I first met Madeline Caviness in 1993 at the Medieval Academy Meeting held in Boston that year. Volume 68 of Speculum, a special issue on Studying Medieval Women edited by Nancy Partner, to which we had both contributed, had just come out; that year Madeline had also been awarded the prestigious Haskins medal. I confess to being a bit fearful of meeting such a distinguished medievalist. I knew that since the inception of the Haskins award in 1940, up to 1993, only two other women, Bertha Putnam (1940) and Pearl Kibre (1964) had been Haskins recipients. I had, however, already developed an appealing fantasy of Madeline. It came from the novel, entitled Sexing the Cherry (1991), by the British novelist Jeanette Winterson. Set in London during the English Revolution, the protagonist Dog Woman describes the following traumatic event of the English Civil War. I think it is worth citing at length:

I went to a church not far from the gardens. A country church famed for its altar window where our Lord stood feeding the five thousand. Black Tom Fairfax, with nothing better to do, had set up his cannon outside the window and given the order to fire. There was no window when I got there and the men had ridden away.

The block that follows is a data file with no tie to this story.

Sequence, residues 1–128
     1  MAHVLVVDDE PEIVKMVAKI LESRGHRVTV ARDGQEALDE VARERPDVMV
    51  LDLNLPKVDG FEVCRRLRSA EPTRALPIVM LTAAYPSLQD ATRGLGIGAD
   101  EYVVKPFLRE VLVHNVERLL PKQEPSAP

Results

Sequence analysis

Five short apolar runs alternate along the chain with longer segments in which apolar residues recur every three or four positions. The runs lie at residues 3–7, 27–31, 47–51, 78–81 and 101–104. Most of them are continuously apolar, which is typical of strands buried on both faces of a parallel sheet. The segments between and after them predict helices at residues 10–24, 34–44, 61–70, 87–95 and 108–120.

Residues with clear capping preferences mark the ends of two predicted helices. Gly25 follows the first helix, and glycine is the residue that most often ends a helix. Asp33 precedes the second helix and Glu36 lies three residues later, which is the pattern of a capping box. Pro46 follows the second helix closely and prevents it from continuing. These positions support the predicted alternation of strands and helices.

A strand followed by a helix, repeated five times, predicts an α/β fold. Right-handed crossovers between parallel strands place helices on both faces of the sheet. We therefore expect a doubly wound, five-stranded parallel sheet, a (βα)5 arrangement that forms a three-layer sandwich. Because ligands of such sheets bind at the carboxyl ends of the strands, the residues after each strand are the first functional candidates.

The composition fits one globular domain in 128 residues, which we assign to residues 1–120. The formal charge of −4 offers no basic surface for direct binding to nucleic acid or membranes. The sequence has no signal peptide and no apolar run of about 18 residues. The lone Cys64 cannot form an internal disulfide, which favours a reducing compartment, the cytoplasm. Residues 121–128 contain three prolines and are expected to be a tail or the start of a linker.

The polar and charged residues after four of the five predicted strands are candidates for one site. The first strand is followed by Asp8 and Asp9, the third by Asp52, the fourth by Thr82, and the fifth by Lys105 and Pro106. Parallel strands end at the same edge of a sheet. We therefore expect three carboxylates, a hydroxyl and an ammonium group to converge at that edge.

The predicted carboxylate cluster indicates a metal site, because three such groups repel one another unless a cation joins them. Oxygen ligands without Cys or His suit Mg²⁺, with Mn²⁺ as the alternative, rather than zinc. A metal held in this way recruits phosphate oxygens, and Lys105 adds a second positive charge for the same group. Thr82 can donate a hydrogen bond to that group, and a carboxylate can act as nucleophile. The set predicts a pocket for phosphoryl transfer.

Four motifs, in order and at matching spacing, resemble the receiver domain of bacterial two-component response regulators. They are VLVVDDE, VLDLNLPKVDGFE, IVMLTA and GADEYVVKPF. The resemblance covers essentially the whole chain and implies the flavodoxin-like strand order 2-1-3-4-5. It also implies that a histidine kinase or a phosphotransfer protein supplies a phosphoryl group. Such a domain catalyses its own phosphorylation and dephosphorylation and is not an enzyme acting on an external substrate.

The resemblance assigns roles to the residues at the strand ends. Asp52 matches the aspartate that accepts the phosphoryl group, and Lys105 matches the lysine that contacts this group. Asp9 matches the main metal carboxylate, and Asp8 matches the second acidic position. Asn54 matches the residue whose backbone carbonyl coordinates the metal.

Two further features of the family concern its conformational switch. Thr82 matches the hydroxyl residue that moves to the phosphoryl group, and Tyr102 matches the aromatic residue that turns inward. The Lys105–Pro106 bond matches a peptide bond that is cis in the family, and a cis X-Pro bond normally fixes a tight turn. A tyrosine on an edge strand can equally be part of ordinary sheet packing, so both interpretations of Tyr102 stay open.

There was a group of women gathered round the remains of the glass which coloured the floor brighter than any carpet of flowers in a parterre. They were women who had cleaned the window, polishing the slippery fish our Lords had blessed in his outstretched hands, scraping away the candle smoke from the feet of the Apostles. They loved the window. Without speaking, and in common purpose, the women began to gather the pieces of the window in their baskets. They gathered the broken bread, and the two fishes, and the astonished faces of the hungry, until their baskets overflowed as the baskets of the disciples had overflowed in their original miracle. They gathered every piece, and they told me, with hands that bled, that they would rebuild the window in a secret place. At evening, their work done, they filed into the little church to pray, and I, not daring to follow, watched them through the hole where the window had been.